I stealth-borrowed The Age of Miracles from my friend the Enthusiast on a day when he wasn’t at work and I forgot my Nook at home. The subway ride with nothing to read was so unbearably boring I wanted to rip all of my hair out of my head just to have something to do. The Enthusiast has one and a half shelves full of readable books at his cubicle, but I didn’t want most of them. I almost borrowed Coetzee’s Disgrace, but luckily Lil Liv Tyler, who sits at the desk across from the Enthusiast, warned me that (spoilers, but the kind you want to know about if you are like me and hate reading about sexual violence) the daughter gets gang-raped! What! I did not know about this. So I borrowed The Age of Miracles instead, although I think the title and cover are boring.
I don’t know, y’all. I know that authors make up their own titles, but I wish someone at Random House had proposed an alternate title, and I wish the cover design team had designed a different cover. The Age of Miracles is sort of chilling, and the title and cover make it look like it’s going to be kind of heartwarming, but then you’re like, No, it’s probably too literary to be heartwarming, so maybe it’s one of those sort of very sad suburban desperation novels.
If that’s what you’ve been thinking, good news: FALSE! It’s much more like the adult version of Susan Beth Pfefffer’s Life as We Knew It. Except not obviously more adult. And not as scary. Look, I don’t even know what the distinctions are. Why is this not young adult and the Pfeffer series is? What is happening in this world?
Here’s what happening in the world of The Age of Miracles: The earth’s rotation has slowed down. Suddenly the days are forty-five minutes longer. Then ninety minutes. After a while, each day lasts for 72 hours. Nobody knows why this is happening or how to make it stop. Birds fall from the sky. Gravity weighs more heavily on everybody, so sports don’t function the same way they used to. Some people — it’s not clear why those people and not others — come down with a mysterious collection of symptoms they call, for lack of a better term, gravity sickness. With no idea of what to do, the government institutes “clock time”, which means that everyone will keep living on the same schedules they’ve always kept, no matter what the sun is doing in the sky. As all of this is happening, thirteen-year-old Julia is growing up, nursing a crush on a boy at her school, going to piano lessons, watching her parents argue.
I loved about The Age of Miracles that the world was perpetually on the verge of unlivable disaster, and it never quite came. The changes to the world are ominous because they seem to portend disaster, and as that degree of catastrophe fails and fails to materialize, the situation becomes more tense, not less. The characters adapt and carry on with their lives, but the reader knows that worse must be coming. Sometimes the characters seem to know this too — the protagonist’s mother stocks up on canned foods and stores them in the back against the day that groceries are no longer available — and sometimes they are too occupied trying to find some semblance of normalcy to pay attention to what’s coming.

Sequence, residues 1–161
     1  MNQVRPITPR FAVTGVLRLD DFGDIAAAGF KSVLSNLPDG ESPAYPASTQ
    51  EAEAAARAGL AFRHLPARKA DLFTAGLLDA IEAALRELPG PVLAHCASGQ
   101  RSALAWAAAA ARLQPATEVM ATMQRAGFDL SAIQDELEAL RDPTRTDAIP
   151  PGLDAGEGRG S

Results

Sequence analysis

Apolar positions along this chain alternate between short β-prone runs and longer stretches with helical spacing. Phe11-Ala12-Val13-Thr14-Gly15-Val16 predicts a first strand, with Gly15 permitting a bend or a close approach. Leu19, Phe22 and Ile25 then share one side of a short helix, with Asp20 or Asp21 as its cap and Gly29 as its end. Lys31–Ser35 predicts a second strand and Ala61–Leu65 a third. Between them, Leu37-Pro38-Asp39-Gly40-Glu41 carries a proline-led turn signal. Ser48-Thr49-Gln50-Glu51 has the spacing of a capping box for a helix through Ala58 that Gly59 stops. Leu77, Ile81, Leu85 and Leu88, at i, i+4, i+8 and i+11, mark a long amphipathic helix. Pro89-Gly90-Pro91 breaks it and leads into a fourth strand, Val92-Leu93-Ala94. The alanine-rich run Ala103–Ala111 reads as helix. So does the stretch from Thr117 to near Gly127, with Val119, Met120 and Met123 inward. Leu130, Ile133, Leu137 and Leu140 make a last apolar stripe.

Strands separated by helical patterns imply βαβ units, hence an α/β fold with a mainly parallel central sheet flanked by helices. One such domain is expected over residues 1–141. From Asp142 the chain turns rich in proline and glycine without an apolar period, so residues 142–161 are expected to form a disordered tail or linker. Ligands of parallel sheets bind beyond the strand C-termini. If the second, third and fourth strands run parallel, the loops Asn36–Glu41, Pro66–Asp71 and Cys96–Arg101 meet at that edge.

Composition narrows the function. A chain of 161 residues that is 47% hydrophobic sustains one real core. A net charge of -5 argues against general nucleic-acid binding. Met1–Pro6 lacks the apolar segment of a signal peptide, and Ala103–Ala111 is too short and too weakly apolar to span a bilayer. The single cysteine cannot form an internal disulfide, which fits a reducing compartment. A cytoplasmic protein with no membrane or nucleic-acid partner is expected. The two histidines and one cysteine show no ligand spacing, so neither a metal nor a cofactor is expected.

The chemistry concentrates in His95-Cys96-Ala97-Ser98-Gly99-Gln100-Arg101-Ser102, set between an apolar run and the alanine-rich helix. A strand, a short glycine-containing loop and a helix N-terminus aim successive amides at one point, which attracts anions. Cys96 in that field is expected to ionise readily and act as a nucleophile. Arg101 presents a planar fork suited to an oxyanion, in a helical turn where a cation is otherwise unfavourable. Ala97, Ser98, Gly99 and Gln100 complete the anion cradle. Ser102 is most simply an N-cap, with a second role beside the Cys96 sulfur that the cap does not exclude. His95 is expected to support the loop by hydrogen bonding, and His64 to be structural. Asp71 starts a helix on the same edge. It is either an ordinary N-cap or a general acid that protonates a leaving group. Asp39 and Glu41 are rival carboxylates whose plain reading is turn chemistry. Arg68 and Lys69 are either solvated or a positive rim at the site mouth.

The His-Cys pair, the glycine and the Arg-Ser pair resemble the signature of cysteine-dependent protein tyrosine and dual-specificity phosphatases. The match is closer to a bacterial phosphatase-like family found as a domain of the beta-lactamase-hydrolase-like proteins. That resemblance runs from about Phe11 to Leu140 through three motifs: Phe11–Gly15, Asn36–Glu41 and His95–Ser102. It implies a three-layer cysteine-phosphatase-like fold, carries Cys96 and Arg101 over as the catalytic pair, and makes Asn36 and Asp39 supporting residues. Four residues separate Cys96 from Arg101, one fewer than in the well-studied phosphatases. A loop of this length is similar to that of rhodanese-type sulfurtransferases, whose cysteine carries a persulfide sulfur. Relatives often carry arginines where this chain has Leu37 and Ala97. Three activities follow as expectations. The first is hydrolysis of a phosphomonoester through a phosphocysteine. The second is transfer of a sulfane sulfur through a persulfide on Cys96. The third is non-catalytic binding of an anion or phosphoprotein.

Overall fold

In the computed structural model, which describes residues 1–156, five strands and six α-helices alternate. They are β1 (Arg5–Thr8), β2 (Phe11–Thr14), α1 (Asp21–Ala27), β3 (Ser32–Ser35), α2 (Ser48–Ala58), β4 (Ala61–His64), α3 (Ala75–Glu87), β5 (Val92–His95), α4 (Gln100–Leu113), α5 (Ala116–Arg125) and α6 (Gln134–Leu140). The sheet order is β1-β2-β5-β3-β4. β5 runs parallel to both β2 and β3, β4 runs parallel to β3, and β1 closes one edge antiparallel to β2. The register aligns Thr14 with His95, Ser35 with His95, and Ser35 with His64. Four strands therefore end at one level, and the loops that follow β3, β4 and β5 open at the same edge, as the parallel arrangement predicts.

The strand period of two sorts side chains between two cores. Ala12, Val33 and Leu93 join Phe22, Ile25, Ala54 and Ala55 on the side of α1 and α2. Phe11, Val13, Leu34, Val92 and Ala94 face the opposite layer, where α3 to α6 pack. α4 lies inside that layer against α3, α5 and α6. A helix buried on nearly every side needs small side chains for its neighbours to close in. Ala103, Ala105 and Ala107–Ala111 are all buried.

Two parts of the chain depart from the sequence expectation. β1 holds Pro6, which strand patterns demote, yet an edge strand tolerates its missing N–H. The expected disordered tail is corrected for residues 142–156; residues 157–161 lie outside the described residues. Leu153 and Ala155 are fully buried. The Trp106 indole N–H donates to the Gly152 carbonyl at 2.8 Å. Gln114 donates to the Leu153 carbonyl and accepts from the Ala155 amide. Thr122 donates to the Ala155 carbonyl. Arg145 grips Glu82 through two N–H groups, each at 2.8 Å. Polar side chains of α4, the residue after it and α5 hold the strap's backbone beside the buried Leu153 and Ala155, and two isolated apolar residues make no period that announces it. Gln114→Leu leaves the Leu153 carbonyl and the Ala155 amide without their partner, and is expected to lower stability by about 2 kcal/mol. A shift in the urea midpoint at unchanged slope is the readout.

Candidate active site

I shall now coin the term process dystopia, which I doubt I’ll ever need to use again because it’s such a rare category of dystopian book. Ordinarily — I said this when I was reviewing The Uninvited — the dystopian novel begins long after the Events. You hear about them in narration, or else sometimes in flashback, and that’s your glimpse into how the world shifted from our normal to the protagonist’s. The Age of Miracles gives it to you piece by piece, every step of the process of building the new normal: First they don’t notice, then nobody knows what the hell to do, then it’s clock time, then people who won’t keep clock time are treated with suspicion, then birds are dropping dead on your porch every day. And so forth.
So I like this. I like a process dystopia. I like watching people inspect their circumstances and figure out how to behave in ever-changing circumstances so that they can have some semblance of routine and normalcy. I like this because I am a person to whom routine is stupendously important. In particular, I liked how the world’s testing of its new rules — clock time? let’s give it a try! — paralleled the process you go through in adolescence of testing the rules of adulthood, figuring out where you fit into it, establishing what is normal and right for yourself. Julia is navigating both of these things simultaneously, and it makes for fascinating reading.
Disregard the title and cover of this book! It’s all bad marketing. Embrace the process dystopia! If you are still reluctant, I’ll add that this is a very very quick read. I read the whole thing on two subway rides: home from work after borrowing this from the Enthusiast, and back to work the following morning.